he threw a large portion of the crown lands into a
park for the popular recreation, and thus gave one of
the earliest examples of regard for the health and
enjoyment of the citizens ; a more enduring monu-
ment of his statesmanship could not have been offered
to the gratitude of the country."

Of the Marquis Townshend I had heard as a gal-
lant soldier, and a stirring viceroy, but I still had to
learn the source of his popularity.

"Townshend was one of those singular men, who
possess faculties of which they have no knowledge,
until the moment when they become necessary. He
began life as a soldier, and finished his soldiership in
sharing the most important victory of his day ; the
battle of Quebec. On his appointment to the vice-
royalty, he found his government a chaos ; a govern-
ment faction superseding the governor, and an oppo-
sition faction engrossing the people. He now, for
the first time, became a politician. He resolved to
crush both, and he succeeded. He treated the go-
vernment faction in Ireland with contumely ; and he
treated the opposition with contempt. Both deserved



62 MARSTON.

the treatment. Both were indignant ; he laughed
at both, and treated them with still deeper scorn.
Both were astonished — the government faction in-
trigued against him in England, the opposition threat-
ened impeachment. He defied them still more
haughtily. They at length found that he was not to be
shaken, and both submitted. The nation joined him,
and was pacified ; grew in vigour, as it grew in tran-
quillity ; and in that tranquillity you have the secret of
all the privileges which Ireland has ever obtained.

"Townshend had performed, only on a smaller
scale, the same national service, which Pitt afterwards
performed in England. He took the people out of
the hands of party, broke up the league of faction,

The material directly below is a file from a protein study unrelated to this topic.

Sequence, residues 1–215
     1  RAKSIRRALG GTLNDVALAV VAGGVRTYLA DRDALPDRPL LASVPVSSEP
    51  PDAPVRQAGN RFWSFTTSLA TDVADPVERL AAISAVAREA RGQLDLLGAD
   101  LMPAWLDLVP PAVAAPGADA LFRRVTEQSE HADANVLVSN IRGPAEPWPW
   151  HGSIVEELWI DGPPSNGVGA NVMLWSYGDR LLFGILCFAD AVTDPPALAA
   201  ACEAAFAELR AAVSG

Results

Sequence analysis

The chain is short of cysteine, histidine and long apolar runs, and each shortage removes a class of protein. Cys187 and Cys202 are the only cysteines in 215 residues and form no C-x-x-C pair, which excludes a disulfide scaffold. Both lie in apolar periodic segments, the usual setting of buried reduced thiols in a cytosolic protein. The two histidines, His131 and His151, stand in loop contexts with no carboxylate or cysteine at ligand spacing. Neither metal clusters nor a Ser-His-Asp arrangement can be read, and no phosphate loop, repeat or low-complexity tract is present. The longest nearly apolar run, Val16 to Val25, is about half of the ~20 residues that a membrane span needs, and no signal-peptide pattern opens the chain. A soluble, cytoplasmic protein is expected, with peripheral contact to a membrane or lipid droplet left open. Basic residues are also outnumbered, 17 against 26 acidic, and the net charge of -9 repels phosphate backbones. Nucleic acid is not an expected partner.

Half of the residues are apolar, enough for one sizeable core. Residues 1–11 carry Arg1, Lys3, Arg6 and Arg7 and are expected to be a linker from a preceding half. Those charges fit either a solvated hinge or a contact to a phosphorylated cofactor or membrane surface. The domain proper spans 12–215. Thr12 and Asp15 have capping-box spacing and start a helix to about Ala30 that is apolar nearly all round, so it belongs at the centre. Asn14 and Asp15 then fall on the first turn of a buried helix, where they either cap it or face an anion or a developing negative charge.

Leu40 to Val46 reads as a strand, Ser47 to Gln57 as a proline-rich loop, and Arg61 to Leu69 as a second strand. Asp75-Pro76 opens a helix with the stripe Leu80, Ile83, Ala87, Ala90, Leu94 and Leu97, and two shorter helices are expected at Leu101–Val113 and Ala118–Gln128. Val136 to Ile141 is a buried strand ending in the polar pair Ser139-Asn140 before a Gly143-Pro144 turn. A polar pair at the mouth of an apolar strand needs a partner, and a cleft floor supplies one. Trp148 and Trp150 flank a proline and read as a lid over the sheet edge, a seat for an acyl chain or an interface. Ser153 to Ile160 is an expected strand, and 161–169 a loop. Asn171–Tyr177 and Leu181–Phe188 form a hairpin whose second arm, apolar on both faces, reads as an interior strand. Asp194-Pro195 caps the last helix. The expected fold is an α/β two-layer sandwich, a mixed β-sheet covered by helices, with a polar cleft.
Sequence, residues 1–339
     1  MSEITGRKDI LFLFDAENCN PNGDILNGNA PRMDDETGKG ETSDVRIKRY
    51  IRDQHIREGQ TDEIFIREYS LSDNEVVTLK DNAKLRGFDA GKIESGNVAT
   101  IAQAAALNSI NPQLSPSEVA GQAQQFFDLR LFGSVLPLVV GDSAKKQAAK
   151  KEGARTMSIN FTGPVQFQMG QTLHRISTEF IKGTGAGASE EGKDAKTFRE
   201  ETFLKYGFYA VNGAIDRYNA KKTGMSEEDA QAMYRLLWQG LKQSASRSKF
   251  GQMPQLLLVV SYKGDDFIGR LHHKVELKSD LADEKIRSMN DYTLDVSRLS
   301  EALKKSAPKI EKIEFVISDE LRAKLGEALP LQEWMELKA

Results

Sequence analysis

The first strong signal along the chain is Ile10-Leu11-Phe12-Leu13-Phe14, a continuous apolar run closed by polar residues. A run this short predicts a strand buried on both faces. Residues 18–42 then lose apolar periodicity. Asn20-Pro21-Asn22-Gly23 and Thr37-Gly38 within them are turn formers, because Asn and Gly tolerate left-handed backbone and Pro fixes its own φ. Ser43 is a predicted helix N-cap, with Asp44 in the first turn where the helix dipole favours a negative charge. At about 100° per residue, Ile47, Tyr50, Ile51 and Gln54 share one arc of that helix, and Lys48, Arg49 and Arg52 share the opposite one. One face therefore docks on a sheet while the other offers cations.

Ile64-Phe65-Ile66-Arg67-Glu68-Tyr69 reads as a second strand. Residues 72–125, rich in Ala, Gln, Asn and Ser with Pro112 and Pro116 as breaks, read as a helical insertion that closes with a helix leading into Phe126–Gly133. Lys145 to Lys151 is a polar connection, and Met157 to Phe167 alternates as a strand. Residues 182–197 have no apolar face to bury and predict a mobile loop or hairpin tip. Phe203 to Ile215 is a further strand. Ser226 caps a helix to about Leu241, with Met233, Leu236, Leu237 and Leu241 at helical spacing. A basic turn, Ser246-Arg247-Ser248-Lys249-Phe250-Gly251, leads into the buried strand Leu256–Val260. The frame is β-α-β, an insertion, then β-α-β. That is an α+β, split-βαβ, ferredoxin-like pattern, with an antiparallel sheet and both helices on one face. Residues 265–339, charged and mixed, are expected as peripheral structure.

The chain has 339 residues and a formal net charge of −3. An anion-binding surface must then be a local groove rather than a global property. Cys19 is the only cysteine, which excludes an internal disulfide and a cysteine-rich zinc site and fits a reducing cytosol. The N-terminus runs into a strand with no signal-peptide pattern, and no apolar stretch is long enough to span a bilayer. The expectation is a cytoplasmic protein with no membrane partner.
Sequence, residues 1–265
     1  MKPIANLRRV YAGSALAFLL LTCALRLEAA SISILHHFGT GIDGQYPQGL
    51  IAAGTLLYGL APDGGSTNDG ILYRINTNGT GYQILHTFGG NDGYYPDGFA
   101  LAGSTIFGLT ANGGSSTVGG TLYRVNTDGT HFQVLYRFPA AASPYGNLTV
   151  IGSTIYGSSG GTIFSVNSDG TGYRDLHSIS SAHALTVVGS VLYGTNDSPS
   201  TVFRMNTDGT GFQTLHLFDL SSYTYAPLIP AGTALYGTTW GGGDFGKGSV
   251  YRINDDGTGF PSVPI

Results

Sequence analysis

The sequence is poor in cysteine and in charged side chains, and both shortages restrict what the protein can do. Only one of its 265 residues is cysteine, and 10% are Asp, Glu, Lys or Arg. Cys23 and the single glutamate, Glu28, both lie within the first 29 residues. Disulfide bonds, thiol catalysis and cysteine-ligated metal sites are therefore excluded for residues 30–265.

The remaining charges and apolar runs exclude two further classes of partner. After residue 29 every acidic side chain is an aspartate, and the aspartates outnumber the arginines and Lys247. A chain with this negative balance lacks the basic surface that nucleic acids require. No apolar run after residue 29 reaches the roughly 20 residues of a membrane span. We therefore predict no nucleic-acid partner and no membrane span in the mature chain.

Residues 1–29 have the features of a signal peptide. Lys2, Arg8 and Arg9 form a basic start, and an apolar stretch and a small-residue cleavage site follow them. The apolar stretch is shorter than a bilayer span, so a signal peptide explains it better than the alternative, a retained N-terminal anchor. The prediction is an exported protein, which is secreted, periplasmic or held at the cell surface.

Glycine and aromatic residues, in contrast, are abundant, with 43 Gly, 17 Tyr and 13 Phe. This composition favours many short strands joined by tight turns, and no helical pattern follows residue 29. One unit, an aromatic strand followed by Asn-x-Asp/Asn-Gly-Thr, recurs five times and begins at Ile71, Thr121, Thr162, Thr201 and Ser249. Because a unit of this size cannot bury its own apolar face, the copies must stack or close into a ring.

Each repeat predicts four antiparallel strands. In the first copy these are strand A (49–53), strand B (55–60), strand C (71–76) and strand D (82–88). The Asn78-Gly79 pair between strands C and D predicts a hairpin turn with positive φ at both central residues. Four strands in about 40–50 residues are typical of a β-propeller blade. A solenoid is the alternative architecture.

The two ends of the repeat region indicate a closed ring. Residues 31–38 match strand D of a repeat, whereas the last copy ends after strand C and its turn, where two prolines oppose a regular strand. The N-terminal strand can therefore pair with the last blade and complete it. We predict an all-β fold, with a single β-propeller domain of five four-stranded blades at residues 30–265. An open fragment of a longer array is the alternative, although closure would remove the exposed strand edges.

and gave the island that freedom, which the great
minister of England gave to the empire. For this
the name of Townshend lives among us still. His
bold satires are recorded, his gallant bearing is re-
membered, his passing pleasantries have become a
portion of the national wit, and his rough, but effect-
ual, services are among the memorials of our inde-
pendence as a people."

The evening of this hospitable day concluded with
a ball to the neighbouring families, and all was grace-
ful and animated enjoyment. My host had travelled
much in early life, and had brought home some fine
pictures and valuable sculptures. He was an ac-
complished classical scholar — a quality which I found,
in some degree, fashionable among the leading per-
sonages of the time, and which unquestionably
added much to the high tone of conversation among
the parliamentary circles. In his stately mansion



MARSTON. 63

an artist might have found studies, a scholar learn-
ing, a philosopher wisdom, and a man of the world
all the charms of polished life. — Yet, how soon, and
how fearfully, were they all to be extinguished ! How
bitterly were all who honoured and esteemed that
generous and highly-gifted nobleman, to feel " what
shadovv^s we are, and what shadows we pursue !"

Our mornings were chiefly spent in hunting, over
the fine landscape which spread, in all the various
beauty of cultivation, within view of the mansion. On
one of those days, the observation of the field was
caught by the fierce riding of a singular- looking man,
scarcely above the peasant in his general appearance,
and yet mounted on one of the finest English hunters
that I had ever seen. He rode at every thing, ma-
naged his horse with practised skill, and soon became
an object of general emulation. To " ride up " to
the " wild Huntsman," was found to be a task not
easily accomplished, and, at length, all was a trial of
speed with this dashing exhibitor. A glance which,
when on the point of one of his most desperate leaps,
he threw back at me, seemed a kind of personal
challenge, and I rushed on at speed.

The Irish hunter is matchless at " topping " stone
walls, but his practice has not lain much among rivers;
and the English horse is sometimes his master at the
deep and rapid streams which, running between
crumbling banks, are perhaps the severest trials to
both horse and rider. The majority of the hunt
pulled up at the edge of one of those formidable
chasms, and I was by no means unwilling to follow
their example ; but the look of the stranger had



64 MARSTON.

a sneer along with it, which put me on my mettle,
and I dashed after him. The hounds had scrambled
through, and we rode nearly abreast through a broken
country, that mixture of bog and firm ground which
occurs frequently in newly-cleared land, and over
which nothing but the most powerful sinews can
make way. We had now left every one behind us,


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Online LibraryGeorge CrolyMarston, or, The soldier and statesman (Volume 3) → online text (page 4 of 19)